May is National Hamburger Month.
I love history in general, and especially learning about how various foods play into history.
Have you ever wondered about the role of hamburgers? Maybe not, but here are some interesting facts about how this American classic came to be such a staple.
As with so many foods, there are controversies over who exactly “invented” this or that. When it comes to hamburgers, you really have to go way back and think about who first began grinding meat and forming it into patties.
I found it interesting that if you look way back to the 12th century, when the nomadic Mongols were fighting under Genghis Khan (1167-1227), riders put meat under their saddles so they would “crumble” and cook due to the heat from the horse. That sure sounds delicious and sanitary — not.
Genghis Khan’s grandson, Kublai Khan (1215-94) and his troops who invaded Moscow, introduced minced horsemeat to residents of the area. Recipes began showing up in the 1240s, which were later called steak tartare in what is now Germany.
Russian ships brought steak tartare to the port of Hamburg in the 17th century. This became a major port during the European colonization of the Americas.
Hamburg was a major hub for both passengers and freight during the first half of the 19th century. New York, of course, was the major destination.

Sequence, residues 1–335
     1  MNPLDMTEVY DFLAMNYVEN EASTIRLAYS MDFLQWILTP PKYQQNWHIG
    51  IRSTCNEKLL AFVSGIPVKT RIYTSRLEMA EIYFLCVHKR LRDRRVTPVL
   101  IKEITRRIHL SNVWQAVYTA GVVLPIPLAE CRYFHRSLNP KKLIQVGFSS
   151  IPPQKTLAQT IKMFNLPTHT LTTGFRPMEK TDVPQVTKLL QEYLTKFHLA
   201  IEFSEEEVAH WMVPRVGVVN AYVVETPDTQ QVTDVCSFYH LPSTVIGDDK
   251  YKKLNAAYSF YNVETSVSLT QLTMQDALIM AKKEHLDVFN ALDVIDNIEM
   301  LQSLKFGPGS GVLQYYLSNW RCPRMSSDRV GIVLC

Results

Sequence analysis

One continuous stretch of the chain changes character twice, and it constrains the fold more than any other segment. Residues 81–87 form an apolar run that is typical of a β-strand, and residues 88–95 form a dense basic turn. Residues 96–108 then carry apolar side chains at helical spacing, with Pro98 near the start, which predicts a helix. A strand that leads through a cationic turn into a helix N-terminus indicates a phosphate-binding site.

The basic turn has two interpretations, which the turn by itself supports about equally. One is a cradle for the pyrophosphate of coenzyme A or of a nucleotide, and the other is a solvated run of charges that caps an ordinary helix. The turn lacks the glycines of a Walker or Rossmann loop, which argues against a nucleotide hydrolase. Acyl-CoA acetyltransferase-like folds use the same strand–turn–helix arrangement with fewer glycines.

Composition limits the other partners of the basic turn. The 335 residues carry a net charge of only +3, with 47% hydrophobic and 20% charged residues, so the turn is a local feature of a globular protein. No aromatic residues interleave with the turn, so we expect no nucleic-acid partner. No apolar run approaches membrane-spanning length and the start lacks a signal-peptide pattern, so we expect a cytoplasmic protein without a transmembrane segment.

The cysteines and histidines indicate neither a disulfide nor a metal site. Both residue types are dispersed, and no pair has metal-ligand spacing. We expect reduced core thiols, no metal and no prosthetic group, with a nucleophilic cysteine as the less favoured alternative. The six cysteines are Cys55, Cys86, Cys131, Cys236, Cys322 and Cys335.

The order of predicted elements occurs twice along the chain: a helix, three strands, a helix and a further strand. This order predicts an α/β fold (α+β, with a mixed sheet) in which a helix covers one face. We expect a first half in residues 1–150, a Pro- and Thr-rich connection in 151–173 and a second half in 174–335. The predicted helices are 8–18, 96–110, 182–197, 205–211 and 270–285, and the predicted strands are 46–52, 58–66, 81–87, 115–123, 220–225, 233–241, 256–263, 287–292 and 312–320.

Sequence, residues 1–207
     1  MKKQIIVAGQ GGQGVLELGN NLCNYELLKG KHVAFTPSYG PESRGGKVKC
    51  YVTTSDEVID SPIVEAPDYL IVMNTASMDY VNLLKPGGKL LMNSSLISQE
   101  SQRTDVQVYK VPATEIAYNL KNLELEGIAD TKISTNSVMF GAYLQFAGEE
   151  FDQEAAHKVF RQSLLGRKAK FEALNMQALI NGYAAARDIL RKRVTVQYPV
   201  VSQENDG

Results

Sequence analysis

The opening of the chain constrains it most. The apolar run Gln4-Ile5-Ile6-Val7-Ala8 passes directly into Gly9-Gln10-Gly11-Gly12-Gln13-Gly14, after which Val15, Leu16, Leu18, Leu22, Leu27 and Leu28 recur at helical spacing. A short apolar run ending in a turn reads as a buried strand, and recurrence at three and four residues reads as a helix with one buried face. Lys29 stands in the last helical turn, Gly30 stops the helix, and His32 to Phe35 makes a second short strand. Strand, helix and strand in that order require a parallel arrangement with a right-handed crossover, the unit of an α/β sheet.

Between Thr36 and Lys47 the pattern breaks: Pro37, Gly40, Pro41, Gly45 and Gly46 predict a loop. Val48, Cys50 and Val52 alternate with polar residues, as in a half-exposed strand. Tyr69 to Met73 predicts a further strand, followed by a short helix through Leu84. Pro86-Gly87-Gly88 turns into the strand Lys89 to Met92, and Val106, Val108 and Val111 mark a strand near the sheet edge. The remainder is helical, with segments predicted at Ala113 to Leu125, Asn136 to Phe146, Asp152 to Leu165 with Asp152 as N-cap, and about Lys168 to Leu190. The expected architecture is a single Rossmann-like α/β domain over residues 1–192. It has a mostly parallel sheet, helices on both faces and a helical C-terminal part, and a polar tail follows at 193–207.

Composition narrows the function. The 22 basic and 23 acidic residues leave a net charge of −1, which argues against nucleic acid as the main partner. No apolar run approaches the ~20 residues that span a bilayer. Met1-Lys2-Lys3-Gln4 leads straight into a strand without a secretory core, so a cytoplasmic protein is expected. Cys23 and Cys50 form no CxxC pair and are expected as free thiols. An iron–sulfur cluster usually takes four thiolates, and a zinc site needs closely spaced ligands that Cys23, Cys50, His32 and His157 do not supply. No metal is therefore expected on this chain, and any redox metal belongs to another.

Hamburg style steak became popular on menus and as street food, to which the creative Germans added capers, onions and even caviar. It often was topped with an egg.
The first meat grinder came on the market in the early part of the 19th century, so that helped facilitate the grinding for the tartare.
Upton Sinclair’s novel, The Jungle, was published in the beginning of the 20th century. Though it was fictional accounts of corruption in the booming American meat industry, it helped raise awareness about food safety issues.
So the big question: Just who invented the hamburger as we know it? As with so many things in food history, it’s open to debate.
Many individuals began getting — and taking — credit between 1885 and 1904.
White Castle (founder Edgar Waldo “Billy” Ingram) is often considered to be the oldest fast-food restaurant. Ingram went on to work with Walter Anderson and they sold their burgers for 5 cents each.
There were others who were marketing the hamburger at various fairs around the country. The rest, as they say, is history.
Americans love hamburgers, consuming nearly 50 billion a day. That translates to three burgers a week per American.
How funny to think of the typical burger, layered with lettuce, onion, pickles, cheese, ketchup and mustard, used to be topped with capers, caviar and a raw egg.
I think the evolution was a success.
Adlen Robinson is author of “Home Matters: The Guide to Organizing Your Life and Home.” E-mail her at email@example.com.